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Seven sports vie for 2020 Games

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Regardless of the fact that the IOC has three more Olympics to worry about this decade, the 2020 Olympics seem to be shaping up rather nicely.

Leaders from seven sports were in Lausanne, Switzerland this week to officially make their case for inclusion at a yet to be determined location as part of the 2020 Games.

But, unfortunately, there’s only one available spot in Tokyo, or Istanbul… or possibly Madrid. Here’s a look at each sport’s chances:

Squash: Surprisingly high. A possible frontrunner after the WSF made a concerted effort to popularize the sport, make it more modern, audience friendly, and fun. The glass-encased courts make for an incredible spectator experience, and you can put a camera anywhere, but it might lose out because of how many racquet sports are already in the Games.

Baseball/softball: High-ish. Both were taken off the Olympic schedule after Beijing, and both have failed to gain re-admittance for Rio, so we’re not sure joining forces suddenly makes this bid an automatic home run (pun totally intended). But they’re both popular sports that everyone knows, and can’t be counted out.

Roller sports: In consideration. It might be the dark-horse favorite if only because Olympics fans are familiar with its winter cousins. Roller sports includes six disciplines ranging from speed skating and roller figure skating to rink hockey and roller derby. Yes, that’s right, Olympic roller derby. That’s reason enough.

Wake boarding: Talking ourselves into it. A few years ago we’d say wake boarding was too X-Gamesy for the Olympics, but with guys like Shaun White regularly bringing medals back to the States, the audiences from both sporting events seem to be merging. It’s also great on television, though not for live spectators.

Wushu: Hmmmm. Earns points for combining all the best from other martial arts, and for literally being the chinese word for “martial arts.” But wushu loses points because few people have heard of it, and because it’s going up against the more well-known Karate, despite being more entertaining. Speaking of which…

Karate: Meh. We already have taekwondo and judo, so all Karate is bringing to the table is a different scoring system. Think the All-Valley Tournament at the end of The Karate Kid (but without the evil gang of teenagers). It already lost out for Rio and we’re just not sure its different enough to stand out.

Sport climbing: Low. Awesome sport, terrible spectator experience. It’s just difficult to televise athletes literally up against a wall. That said, if you sent some American Gladiators to chase them after ten seconds or so, we’d absolutely be into it. Otherwise, this one is probably near the bottom of the list.

Two more fencers qualify for U.S. Olympic team

Alexander Massialas
AP
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Nowhere is the U.S. more deep in fencing than in men’s foil, with four of the top 10 in the world.

Two of those four qualified for the Rio Olympics based on rankings updated after a competition last weekend — world No. 1 Alexander Massialas and No. 6 Gerek Meinhardt.

Expect No. 5 Race Imboden and No. 10 Miles Chamley-Watson to join them on the Rio team, qualifying by mid-April. That quartet also made up the 2012 U.S. Olympic men’s foil team.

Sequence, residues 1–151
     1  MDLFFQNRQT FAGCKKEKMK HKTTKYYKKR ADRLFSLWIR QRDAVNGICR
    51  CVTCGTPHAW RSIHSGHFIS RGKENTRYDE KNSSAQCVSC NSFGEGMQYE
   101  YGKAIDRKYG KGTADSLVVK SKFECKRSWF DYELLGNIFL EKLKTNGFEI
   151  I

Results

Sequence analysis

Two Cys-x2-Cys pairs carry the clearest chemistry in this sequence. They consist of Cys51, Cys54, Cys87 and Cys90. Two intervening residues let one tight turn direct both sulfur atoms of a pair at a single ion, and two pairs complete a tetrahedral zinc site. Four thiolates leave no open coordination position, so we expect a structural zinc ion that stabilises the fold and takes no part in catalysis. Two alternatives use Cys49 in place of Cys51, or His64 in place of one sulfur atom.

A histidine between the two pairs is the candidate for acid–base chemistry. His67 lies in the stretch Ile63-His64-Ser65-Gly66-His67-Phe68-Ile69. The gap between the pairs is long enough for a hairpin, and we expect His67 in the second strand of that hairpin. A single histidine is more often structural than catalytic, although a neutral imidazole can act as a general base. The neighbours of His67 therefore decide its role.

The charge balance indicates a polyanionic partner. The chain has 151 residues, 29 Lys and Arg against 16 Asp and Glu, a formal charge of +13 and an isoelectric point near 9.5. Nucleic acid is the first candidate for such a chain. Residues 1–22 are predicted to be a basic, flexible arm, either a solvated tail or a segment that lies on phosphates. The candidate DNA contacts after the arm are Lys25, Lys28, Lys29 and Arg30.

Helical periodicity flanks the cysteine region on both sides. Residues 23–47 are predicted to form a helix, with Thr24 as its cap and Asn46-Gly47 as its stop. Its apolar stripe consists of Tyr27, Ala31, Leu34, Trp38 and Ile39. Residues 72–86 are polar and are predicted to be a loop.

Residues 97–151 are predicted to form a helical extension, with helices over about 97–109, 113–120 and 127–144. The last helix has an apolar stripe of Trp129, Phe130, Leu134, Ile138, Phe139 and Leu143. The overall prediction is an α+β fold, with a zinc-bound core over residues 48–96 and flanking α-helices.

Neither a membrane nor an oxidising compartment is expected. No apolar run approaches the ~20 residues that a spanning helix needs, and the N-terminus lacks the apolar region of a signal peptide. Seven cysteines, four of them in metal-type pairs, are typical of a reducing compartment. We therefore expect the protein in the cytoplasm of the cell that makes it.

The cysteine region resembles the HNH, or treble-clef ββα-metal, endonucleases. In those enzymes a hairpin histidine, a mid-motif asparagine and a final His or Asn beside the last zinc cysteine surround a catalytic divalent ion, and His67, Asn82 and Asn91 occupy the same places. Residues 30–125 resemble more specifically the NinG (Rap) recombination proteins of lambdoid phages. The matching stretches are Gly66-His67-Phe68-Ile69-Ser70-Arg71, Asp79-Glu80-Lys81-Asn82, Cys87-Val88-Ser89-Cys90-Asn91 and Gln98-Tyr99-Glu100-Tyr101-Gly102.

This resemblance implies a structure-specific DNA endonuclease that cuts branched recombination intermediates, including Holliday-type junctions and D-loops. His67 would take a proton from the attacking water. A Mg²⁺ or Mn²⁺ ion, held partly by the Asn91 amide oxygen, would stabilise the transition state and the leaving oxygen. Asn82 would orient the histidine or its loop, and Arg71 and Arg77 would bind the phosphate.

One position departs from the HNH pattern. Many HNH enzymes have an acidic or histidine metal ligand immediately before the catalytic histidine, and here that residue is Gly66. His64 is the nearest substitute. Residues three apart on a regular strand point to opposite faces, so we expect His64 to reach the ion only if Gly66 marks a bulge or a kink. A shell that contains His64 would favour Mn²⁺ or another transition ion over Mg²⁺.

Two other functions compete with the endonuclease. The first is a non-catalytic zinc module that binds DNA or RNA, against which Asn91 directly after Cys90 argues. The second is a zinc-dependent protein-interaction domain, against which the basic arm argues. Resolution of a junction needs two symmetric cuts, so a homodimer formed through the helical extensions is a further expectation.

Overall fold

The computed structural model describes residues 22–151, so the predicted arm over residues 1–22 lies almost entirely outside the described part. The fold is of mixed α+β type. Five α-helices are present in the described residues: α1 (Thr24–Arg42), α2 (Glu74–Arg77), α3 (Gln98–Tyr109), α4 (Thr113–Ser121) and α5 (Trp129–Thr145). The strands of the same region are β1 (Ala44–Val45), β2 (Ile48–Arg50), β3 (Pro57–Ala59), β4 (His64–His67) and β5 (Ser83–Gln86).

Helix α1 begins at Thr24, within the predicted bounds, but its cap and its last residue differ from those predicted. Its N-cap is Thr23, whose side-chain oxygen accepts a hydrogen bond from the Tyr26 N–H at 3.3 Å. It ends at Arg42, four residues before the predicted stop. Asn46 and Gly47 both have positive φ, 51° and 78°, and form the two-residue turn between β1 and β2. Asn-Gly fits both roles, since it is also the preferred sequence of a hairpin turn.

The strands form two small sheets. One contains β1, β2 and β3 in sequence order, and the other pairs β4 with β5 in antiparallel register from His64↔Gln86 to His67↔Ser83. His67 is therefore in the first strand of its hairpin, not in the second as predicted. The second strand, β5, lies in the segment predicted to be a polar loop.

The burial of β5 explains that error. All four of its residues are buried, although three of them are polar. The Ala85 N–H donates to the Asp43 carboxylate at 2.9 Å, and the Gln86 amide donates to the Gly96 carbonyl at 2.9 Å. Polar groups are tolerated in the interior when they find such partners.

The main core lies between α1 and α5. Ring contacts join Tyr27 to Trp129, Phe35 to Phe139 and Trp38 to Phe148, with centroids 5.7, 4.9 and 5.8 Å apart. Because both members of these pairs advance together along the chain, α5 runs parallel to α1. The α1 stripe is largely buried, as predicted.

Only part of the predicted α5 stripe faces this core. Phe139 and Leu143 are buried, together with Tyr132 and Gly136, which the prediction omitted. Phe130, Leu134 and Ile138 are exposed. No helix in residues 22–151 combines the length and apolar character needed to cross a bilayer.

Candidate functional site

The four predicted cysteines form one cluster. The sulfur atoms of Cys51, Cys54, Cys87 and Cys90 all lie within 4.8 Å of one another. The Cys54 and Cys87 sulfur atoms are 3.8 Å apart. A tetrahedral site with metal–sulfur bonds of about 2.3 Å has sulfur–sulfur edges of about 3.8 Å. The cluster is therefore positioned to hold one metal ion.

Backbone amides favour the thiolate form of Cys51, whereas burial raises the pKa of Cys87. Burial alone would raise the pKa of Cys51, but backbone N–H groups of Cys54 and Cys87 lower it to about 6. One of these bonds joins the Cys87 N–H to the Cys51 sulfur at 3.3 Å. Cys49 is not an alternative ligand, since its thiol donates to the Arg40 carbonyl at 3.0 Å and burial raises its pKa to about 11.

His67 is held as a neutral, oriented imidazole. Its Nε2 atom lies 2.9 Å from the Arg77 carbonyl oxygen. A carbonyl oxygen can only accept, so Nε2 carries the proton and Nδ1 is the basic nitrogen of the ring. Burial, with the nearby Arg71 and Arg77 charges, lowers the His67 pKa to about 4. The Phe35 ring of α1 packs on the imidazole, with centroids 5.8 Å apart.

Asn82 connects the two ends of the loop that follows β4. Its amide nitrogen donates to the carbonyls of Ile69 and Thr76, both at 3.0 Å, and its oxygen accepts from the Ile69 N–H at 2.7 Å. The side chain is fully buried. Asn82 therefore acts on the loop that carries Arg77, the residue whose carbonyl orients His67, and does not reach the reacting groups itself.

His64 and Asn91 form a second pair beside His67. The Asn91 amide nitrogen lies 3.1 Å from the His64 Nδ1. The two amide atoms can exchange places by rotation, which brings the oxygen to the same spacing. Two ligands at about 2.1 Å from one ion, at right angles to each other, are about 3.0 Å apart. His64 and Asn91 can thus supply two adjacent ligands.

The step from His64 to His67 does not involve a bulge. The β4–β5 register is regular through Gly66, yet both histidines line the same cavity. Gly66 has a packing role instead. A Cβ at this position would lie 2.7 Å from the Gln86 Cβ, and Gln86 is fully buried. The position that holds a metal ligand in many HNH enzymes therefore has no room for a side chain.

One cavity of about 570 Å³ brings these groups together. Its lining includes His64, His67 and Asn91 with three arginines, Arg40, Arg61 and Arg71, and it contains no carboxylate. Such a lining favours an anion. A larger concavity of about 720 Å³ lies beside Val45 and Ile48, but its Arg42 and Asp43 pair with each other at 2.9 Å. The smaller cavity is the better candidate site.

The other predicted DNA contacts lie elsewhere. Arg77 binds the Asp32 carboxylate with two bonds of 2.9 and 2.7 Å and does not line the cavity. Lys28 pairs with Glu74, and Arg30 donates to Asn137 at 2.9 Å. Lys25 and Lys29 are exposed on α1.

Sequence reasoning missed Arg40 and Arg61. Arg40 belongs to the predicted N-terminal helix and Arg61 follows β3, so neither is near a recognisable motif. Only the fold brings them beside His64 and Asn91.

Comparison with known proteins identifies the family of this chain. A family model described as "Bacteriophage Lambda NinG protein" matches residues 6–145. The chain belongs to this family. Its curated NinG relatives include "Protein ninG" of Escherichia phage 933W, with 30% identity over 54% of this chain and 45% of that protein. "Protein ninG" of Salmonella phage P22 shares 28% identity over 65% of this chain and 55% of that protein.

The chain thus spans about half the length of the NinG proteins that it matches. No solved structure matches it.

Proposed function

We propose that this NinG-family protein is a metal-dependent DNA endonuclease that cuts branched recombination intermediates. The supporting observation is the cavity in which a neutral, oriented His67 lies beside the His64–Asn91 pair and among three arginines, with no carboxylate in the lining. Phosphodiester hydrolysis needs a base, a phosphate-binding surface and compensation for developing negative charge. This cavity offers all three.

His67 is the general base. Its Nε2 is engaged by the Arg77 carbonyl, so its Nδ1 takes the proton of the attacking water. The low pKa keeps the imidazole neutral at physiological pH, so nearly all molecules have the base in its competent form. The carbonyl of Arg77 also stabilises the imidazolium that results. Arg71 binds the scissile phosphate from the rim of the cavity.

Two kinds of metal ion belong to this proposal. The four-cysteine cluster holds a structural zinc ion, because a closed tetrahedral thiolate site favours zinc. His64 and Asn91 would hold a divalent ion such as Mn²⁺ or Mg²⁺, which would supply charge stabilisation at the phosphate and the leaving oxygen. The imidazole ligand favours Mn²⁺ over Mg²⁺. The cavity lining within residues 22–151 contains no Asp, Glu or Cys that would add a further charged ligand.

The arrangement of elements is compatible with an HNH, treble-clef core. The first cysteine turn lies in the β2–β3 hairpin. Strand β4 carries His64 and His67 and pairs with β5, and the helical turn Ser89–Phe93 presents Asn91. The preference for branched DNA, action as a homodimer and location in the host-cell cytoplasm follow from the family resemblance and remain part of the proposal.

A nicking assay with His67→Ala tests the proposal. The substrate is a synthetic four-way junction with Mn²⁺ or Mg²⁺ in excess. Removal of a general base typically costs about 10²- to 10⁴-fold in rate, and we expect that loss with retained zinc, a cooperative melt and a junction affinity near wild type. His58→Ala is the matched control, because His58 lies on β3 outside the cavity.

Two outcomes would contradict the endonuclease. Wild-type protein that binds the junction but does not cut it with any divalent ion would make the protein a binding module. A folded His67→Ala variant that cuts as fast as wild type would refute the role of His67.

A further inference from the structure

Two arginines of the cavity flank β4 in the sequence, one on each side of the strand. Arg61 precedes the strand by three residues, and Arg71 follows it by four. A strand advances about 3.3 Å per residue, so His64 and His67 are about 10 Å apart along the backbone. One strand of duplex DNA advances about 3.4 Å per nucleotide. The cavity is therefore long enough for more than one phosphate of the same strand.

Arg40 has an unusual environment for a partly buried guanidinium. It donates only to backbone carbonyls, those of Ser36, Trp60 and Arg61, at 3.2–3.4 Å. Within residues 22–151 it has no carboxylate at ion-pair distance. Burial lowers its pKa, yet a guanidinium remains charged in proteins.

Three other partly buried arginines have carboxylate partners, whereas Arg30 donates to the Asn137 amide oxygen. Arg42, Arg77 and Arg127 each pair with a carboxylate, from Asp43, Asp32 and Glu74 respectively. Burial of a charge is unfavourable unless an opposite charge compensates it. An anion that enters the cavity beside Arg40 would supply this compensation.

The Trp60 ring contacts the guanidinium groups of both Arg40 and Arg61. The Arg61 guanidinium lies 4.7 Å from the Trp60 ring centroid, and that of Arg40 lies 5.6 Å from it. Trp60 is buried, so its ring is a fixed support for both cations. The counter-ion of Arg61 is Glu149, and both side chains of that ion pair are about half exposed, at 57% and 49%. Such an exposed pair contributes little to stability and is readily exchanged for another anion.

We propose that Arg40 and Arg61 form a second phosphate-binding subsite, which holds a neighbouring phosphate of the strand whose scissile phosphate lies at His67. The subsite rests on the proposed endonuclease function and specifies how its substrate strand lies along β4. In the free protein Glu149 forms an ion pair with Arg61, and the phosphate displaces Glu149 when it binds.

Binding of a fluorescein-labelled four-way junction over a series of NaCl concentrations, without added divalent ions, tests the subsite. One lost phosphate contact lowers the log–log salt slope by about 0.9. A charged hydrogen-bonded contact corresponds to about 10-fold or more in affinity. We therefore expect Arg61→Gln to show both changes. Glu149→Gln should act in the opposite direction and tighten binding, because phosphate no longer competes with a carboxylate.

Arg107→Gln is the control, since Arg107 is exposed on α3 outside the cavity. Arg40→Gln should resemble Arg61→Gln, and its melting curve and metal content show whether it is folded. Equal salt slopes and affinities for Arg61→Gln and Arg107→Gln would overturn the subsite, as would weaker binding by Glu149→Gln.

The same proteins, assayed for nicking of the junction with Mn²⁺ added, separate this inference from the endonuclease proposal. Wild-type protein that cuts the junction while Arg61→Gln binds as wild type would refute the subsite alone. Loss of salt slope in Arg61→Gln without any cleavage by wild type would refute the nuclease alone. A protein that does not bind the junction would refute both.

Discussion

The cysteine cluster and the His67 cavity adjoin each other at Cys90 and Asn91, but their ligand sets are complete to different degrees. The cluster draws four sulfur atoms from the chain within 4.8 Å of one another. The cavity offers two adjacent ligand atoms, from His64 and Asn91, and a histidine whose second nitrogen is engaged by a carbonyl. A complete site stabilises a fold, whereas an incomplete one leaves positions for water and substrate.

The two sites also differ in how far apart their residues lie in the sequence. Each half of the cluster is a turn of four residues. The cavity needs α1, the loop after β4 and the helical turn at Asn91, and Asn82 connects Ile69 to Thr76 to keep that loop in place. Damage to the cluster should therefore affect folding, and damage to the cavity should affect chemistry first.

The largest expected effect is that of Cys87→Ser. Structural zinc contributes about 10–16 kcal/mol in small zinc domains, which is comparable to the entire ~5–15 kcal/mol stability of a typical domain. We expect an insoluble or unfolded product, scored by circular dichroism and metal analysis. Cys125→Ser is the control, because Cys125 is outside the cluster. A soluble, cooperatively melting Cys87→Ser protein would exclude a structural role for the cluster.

They are the 19th and 20th members of the U.S. Olympic team across all sports. View the complete roster here.

Imboden and Chamley-Watson are now battling to see who will be the third individual U.S. men’s foil fencer in Rio, with the fourth going to the Games as a possible competitor in the team event only.

Though Imboden is ranked higher internationally, it’s Chamley-Watson who controls his own destiny as he is better-placed in U.S. Fencing rankings that determine the Rio roster.

Since 2014, Massialas, Meinhardt and Imboden have all been ranked No. 1 in the world at one time or another. Chamley-Watson is a former world No. 2 and the only U.S. man to earn a World or Olympic title (2013 Worlds) in any fencing event.

Massialas took silver and Meinhardt bronze at the 2015 World Championships. Imboden reached the round of 16. Chamley-Watson lost in the first round to German Peter Joppich, a four-time World champion.

At the London Olympics, Massialas and Imboden were eliminated in the round of 16 and Chamley-Watson in the round of 32.

Meinhardt, who competed at Beijing 2008 as the youngest U.S. Olympic fencer ever, joined them in the team event, where the U.S. fell in the semifinals and the bronze-medal matchup. All were age 22 and younger at the London Games.

With four of the top 10 in the world, the U.S. could go into Rio as the favorite in the team event, though it fell in the 2015 Worlds quarterfinals to eventual champion Italy.

U.S. women’s sabre fencers Mariel Zagunis and Ibtihaj Muhammad qualified for the Olympics the previous weekend.

VIDEO: Chamley-Watson takes fencing to New York City streets

Paris 2024 Olympic bid logo unveiled on Arc de Triomphe

Paris 2024
Paris 2024
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The Paris 2024 Olympic bid logo was unveiled at the Arc de Triomphe at 20:24 (8:24 p.m.) on Tuesday.

The logo is a representation of the number 24 and a modern interpretation of the Eiffel Tower.

Paris, seeking to host the Olympics on the 100-year anniversary of its second time holding the Games, is bidding against Budapest, Los Angeles and Rome.

Paris hopes to become the second city to host the Olympics three times, joining London.

International Olympic Committee members will vote to choose the 2024 Olympic host city in September 2017.

MORE: 2024 Olympic bidding coverage

 

Paris 2024